Hence it comes to pass, that the greatest part of men spend their thoughts and time about things as little to the purpose as the merest children. People will hardly believe this. It is necessary, therefore, that they should be convinced of it, and see the danger of living like children, at all adventures, without thought, or reason, or fear, or sense.

If children have no foresight ; if they have no serious aim, or design, in any thing they do; if they fear no evil; if they SERM. are apt to be tossed to and fro, and know not what to believe LXXXII.

or do; why, this is their character, we look for no better from them.

And if we blame them for being ignorant, foolish in their choices, careless of their ways, it is to cure them of their faults, lest these vices should grow up with them, and when for the time they should be men in understanding, they should continue to have the folly, the weakness, the ignorance of children.

Now, whatever we think of ourselves, this is the case of an infinite number of people, who grow older without being

wiser to any good purposes. And who, when they leave the Wisd. 5. 13. world, have “no sign of virtue to shew.”

We should be convinced of this, if we had but the patience to compare our thoughts, and words, and actions, with the designs and manners of children, whom we despise for their weaknesses, and correct for their follies.

Now, though such a comparison may be very uneasy, yet, since it may put us upon considering whether we are as wise as men should be, I will choose this very plain way of instruction.

I. And first, this is the character of children, to be very Jonah 4. 11. ignorant; or, as God is pleased to express it, not to know

their right hand from their left: We hope that time and age will cure this; and we are often at a great deal of pains and expense to improve their understandings; and we are well satisfied when we see that they know the world, and are like to live in it. But neither we, nor they, consider what a sad thing it is to know the world, without knowing its snares, and temptations, and dangers, and how to avoid them. And yet this is what men seldom teach their children,-seldom learn themselves. And what is the consequence of this? Why, generally speaking, both old and young live in a dark ignorance of what concerns another world. And though they are well acquainted with the names of religion, of Christianity, of God that made them, of heaven the portion of His faithful servants, and of hell the just reward of the wicked; yet they consider no more how people ought to live, who have heard of these things, than their very children, who only know them by rote.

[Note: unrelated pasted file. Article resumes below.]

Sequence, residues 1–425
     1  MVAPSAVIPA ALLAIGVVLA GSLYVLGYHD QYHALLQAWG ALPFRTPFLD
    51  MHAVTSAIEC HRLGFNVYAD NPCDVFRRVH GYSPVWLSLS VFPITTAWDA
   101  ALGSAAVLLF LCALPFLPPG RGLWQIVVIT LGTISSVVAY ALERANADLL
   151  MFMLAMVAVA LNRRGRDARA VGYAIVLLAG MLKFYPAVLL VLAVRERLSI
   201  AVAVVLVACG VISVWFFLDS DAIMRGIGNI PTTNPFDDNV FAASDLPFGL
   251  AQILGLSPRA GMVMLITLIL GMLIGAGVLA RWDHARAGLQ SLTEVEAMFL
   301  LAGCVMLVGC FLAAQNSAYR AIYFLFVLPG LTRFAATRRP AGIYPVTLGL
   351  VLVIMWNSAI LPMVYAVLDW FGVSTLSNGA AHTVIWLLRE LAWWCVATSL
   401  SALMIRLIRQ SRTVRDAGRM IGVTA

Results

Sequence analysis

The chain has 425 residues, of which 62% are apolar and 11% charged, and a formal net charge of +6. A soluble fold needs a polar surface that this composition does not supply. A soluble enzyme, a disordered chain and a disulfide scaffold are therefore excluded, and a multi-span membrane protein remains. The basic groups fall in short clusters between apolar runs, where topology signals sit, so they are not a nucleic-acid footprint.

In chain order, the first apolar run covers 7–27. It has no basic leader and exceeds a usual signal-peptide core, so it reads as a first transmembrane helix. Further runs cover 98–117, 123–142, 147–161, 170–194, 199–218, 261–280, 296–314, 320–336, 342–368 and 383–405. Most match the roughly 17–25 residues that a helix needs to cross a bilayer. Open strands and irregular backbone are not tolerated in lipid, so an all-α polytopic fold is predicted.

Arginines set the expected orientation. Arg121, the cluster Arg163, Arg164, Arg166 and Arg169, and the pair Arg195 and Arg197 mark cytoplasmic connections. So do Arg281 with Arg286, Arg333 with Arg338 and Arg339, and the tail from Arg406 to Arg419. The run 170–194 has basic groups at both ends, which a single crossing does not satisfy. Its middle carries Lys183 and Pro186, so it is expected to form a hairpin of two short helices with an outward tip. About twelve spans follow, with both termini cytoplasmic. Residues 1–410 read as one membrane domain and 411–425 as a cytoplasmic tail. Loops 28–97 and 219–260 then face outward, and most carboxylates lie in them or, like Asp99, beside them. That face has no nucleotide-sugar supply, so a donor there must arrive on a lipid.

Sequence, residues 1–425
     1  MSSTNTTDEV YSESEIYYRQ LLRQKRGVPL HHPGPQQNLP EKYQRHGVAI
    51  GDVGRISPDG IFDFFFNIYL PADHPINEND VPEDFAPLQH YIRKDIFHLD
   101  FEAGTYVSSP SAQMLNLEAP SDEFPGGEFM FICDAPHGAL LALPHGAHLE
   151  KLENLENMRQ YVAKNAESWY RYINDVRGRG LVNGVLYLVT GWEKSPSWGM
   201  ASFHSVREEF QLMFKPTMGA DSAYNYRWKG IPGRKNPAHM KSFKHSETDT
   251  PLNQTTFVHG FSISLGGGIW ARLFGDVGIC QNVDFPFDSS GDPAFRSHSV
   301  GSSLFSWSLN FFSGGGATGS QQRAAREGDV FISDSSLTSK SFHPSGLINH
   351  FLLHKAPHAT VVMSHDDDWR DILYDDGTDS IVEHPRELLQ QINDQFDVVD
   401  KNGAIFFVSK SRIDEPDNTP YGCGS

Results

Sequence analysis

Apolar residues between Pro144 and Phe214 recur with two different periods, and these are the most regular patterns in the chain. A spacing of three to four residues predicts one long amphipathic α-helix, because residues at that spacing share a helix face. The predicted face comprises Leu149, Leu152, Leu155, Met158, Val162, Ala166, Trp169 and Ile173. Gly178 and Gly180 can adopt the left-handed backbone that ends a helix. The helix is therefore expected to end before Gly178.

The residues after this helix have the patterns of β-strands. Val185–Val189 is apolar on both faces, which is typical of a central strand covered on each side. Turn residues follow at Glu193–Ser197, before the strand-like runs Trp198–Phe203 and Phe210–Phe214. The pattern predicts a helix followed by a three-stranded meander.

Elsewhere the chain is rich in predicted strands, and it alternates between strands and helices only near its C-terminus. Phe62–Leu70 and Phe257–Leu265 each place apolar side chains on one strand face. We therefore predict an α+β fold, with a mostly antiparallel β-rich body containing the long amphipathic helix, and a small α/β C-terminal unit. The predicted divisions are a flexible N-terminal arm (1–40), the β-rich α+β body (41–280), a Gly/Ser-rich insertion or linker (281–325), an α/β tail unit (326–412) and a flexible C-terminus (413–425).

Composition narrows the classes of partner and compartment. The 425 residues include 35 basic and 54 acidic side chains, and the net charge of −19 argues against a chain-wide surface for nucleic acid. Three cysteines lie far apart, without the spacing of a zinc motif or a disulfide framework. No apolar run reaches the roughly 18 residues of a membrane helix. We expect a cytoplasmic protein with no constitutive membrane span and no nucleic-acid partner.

Now, this is a truth which can never be sufficiently lamented, -that when people come to years, they do not seriously endeavour to possess their hearts and minds with saving knowledge, and a just concern for their souls. For what will all other knowledge profit a man who does not know how to escape the temptations of a wicked world, how to please God, and how he may save his soul from eternal death?

There may be some excuse, if, while they are children, they do not know these things. But to let this ignorance grow up with us, and when we are men, and capable of understanding the things we have been taught, and that our everlasting interest lies at stake, we are plainly without excuse, not to consider things of so great concern to us.

II. Another character of children is, that they have no apprehensions of future evils. The present is what most affects them, and it is often to no purpose that you speak to them of spiritual enemies, of the anger of God, and of the terrors of the world to come. And the misery is, this fearless temper grows up with them, and they learn to live in a careless security all their days.

And what can we say to awaken them ? Shall we often repeat what the Holy Scriptures tell us of such as live without God in the world ? Shall we assure them, that all the judgments mentioned in the Bible, and executed upon ungodly men, are but faint representations of the worm that never dies, and the fire that never shall be quenched ?

Alas! this is what they have often heard, and what they profess to know, and believe; but indeed they do neither. For who can be fearless and unconcerned at the thoughts of eternal death, though at some distance ? None but children, who cannot consider ; and fools, who make a mock of sin.

III. Another character of children is, to live without any aim, or end of their actions. We blame them for this, we ask them what they propose to themselves? We assure them, that if they once get an evil habit of living at random, and without design, they will be unsettled all their life long, and miserable at the last. We desire they would consider, that they did not come into the world only to eat, and drink, and sleep, and take their pleasure; that this is merely the life of